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How To Rebuild Your Credit After a Drop

One of the worst financial fears anyone can have is rebuilding their credit score. And with the current economic downturn, more and more people are finding this financial fear coming true. Often the task of rebuilding your credit is so monumental that it’s easier to start from scratch. Though it might take a lot of time and effort, it’s definitely possible to rebuild your credit score once it takes a hit.

But to do so, you need to first figure out where to start and the best practices to follow to rebuild your credit score in the shortest time possible. Here’s everything you need to know to rebuild your credit score after a drop.

Pay Your Bills on Time

The most common bad habit most people have when it comes to managing their finances is not paying their bills on time. Unpaid bills often come with an added late fee which might not seem much for a single bill payment but adds up substantially when combined with your other delayed bills. While it’s easier than done, this is something that’s a must.

Payment history is one of the main factors that impact your credit score. More important than late fees are the delayed payment reports, which will definitely not do any favors to your credit record. Delayed payment records take a long time to get away, so make sure to pay your bills on time.

If you’re not accustome to or unable to pay your bills in time due to mismanaged finances, then you need to come up with a good financial game plan. Take personal loans if necessary to pay your bills on time as long as you can ensure the loan repayment in time without affecting your other financial necessities.  

Catch Up on the Bills

While some people have trouble paying their bills on time, there are others who are significantly behind their bills. No matter how you look at it this is the worst-case scenario when it comes to rebuilding your credit score. The first thing you should do to work towards this goal is to review your credit reports.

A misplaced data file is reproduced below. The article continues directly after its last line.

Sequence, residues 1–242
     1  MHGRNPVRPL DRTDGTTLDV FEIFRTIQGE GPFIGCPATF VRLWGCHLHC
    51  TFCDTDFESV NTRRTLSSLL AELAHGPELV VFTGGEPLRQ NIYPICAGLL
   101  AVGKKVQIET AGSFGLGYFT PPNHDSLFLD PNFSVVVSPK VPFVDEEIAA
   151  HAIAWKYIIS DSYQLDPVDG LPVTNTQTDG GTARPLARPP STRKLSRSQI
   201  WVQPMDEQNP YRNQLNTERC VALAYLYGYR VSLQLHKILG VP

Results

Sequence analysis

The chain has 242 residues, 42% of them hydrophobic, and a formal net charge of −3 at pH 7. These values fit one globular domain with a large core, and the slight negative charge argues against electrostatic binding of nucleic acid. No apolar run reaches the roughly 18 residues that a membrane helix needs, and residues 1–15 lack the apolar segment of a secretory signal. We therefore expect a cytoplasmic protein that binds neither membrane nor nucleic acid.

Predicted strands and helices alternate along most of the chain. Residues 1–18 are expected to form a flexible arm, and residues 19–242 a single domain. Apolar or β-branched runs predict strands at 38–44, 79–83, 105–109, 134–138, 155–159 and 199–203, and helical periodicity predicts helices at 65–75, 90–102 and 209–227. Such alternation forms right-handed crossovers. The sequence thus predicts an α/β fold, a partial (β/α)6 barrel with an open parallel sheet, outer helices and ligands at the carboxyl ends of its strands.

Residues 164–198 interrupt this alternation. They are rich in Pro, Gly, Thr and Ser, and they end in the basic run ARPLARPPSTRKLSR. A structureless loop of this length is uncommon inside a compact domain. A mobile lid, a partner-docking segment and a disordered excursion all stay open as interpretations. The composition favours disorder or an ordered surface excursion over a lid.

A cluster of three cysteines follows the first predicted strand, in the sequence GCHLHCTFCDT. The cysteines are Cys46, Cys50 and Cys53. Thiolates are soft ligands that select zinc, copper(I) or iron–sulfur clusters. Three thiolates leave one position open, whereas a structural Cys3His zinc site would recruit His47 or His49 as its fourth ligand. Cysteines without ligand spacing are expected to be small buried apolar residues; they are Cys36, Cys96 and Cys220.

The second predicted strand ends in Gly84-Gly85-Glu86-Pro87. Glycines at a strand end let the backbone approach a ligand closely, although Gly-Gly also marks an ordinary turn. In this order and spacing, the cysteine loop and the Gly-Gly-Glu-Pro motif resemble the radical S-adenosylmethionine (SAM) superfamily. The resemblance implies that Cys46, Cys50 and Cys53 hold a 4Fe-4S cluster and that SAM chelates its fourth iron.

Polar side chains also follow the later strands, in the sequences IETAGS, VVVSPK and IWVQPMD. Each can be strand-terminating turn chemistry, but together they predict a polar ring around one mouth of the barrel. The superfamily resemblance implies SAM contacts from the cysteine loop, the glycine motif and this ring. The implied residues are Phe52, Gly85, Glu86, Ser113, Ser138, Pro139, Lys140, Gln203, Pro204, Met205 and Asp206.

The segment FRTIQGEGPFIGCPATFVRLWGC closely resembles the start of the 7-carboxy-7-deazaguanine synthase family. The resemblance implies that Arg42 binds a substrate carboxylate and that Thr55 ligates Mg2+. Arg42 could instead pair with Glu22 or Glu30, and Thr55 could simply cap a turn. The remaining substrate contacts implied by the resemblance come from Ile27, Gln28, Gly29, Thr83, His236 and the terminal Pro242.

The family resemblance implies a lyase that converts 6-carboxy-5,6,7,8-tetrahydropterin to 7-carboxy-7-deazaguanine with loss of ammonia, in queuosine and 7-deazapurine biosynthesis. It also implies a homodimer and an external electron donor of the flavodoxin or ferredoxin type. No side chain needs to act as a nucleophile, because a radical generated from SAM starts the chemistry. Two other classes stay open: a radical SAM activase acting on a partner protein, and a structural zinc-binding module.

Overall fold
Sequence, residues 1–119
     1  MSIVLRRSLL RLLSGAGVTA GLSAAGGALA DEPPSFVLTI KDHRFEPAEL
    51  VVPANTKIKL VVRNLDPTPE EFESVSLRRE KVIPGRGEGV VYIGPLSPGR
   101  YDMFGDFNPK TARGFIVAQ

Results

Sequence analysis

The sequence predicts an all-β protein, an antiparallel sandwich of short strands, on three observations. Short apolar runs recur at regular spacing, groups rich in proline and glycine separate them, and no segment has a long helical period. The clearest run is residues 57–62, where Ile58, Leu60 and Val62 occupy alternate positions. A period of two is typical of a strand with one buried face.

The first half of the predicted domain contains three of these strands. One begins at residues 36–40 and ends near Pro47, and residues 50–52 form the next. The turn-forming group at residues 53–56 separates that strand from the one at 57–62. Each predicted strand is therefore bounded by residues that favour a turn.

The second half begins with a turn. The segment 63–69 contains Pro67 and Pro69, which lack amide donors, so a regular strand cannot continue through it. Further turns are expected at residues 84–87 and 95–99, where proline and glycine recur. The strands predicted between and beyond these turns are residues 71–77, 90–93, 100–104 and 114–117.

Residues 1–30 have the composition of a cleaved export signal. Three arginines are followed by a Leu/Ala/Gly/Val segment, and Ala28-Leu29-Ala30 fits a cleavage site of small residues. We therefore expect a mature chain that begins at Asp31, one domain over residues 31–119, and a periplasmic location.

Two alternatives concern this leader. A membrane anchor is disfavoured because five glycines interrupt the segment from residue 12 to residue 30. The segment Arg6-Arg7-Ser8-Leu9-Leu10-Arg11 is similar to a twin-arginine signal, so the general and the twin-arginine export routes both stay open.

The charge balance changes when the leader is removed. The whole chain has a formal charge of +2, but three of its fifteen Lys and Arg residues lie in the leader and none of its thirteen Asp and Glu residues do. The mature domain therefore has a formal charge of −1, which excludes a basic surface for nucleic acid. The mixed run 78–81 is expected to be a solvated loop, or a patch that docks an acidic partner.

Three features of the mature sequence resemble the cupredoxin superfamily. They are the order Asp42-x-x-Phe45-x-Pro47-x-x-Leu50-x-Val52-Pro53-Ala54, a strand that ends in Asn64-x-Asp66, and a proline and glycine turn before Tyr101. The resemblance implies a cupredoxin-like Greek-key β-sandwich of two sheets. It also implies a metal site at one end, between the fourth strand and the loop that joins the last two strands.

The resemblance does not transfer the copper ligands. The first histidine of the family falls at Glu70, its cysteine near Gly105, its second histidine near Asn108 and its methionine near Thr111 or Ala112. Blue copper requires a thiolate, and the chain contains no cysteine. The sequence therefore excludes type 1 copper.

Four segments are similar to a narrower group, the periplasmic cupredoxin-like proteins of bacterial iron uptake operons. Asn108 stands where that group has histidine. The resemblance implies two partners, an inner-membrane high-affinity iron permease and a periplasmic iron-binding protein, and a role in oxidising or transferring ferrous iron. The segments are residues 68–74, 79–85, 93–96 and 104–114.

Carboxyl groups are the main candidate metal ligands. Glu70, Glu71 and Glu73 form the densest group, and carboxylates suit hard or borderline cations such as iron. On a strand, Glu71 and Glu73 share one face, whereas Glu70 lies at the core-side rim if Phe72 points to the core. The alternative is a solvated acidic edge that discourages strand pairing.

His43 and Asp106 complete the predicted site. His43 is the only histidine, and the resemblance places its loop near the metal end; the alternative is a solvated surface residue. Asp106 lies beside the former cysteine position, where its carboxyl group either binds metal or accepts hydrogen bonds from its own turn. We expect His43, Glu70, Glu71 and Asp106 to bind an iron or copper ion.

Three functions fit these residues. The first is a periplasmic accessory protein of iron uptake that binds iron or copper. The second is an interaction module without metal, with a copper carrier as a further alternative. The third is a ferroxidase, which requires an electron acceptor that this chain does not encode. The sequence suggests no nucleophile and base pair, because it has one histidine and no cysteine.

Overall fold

Often, mistakes are made in credit report compilations- bills/payments paid or exempted can often stay on record, and sometimes the numbers can get messed up. Very few things can be as frustrating as having a bad credit report because someone else made a mistake. When you start catching up on bills, prioritize the ones where your accounts are still open.   

‘Payment history’ and ‘Amount Owed’ comprise 65 percent of your total FICO score, so keeping these up to date should be your top priority when recovering your credit score.

Credit Utilization

One important aspect of credit card score and usage most users tend to ignore or forget is maintaining optimal ‘credit utilization. The term refers to the percentage of credit a user is using on credit card payments. The amount you have has a high impact on your score- the more credit utilization you use up the worse it is for your credit score, so make sure to keep the number as low as possible.

According to most financial experts, you should never exceed more than 30 percent of your credit utilization on your card. If you already have a lot of credit utilizations, focus on lowering the ones that are the highest and then work your way down.

Get a Secured Credit Card

Getting a credit card can be tough once you get tagged with a poor or bad credit score, which is quite the dilemma since it’s almost impossible to improve your credit score without using one. If you find yourself in such a situation, then getting a secured credit card can be the best way to go. These credit cards are the best option when you’re trying to fix your credit score.

Many companies out there provide secured credit card service for those who have a credit score of 500 or even less in some instances. Knowing how to use 500 Credit Score Credit Cards can make all the difference you need to rebuild your credit score.

One Step at a Time

Rebuilding your credit score after it drops can be a long and difficult journey but definitely needs to be taken to fix one’s finances. As long as you follow the tips and tricks above, you shouldn’t have too much trouble in the long run. But if your credit score is particularly bad, consulting with a professional is the best option.

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